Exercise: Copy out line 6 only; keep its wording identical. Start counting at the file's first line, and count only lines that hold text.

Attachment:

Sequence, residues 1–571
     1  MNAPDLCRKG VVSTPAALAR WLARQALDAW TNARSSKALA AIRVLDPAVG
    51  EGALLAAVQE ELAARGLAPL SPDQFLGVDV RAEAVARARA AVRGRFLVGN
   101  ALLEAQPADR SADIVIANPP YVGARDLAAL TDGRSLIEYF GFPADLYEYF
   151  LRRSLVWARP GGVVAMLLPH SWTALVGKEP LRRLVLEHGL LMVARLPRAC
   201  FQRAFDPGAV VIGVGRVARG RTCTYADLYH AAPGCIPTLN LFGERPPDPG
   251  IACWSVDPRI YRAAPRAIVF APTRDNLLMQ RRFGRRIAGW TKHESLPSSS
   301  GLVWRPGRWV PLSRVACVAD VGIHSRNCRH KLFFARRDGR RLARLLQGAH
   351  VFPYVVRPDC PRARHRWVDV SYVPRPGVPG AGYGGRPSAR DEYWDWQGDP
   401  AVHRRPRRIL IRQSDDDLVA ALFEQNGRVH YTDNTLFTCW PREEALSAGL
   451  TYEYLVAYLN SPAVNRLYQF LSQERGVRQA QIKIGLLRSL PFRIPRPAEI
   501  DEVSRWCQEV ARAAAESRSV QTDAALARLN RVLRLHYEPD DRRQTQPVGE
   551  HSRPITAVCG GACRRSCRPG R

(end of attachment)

   201  FQRAFDPGAV VIGVGRVARG RTCTYADLYH AAPGCIPTLN LFGERPPDPG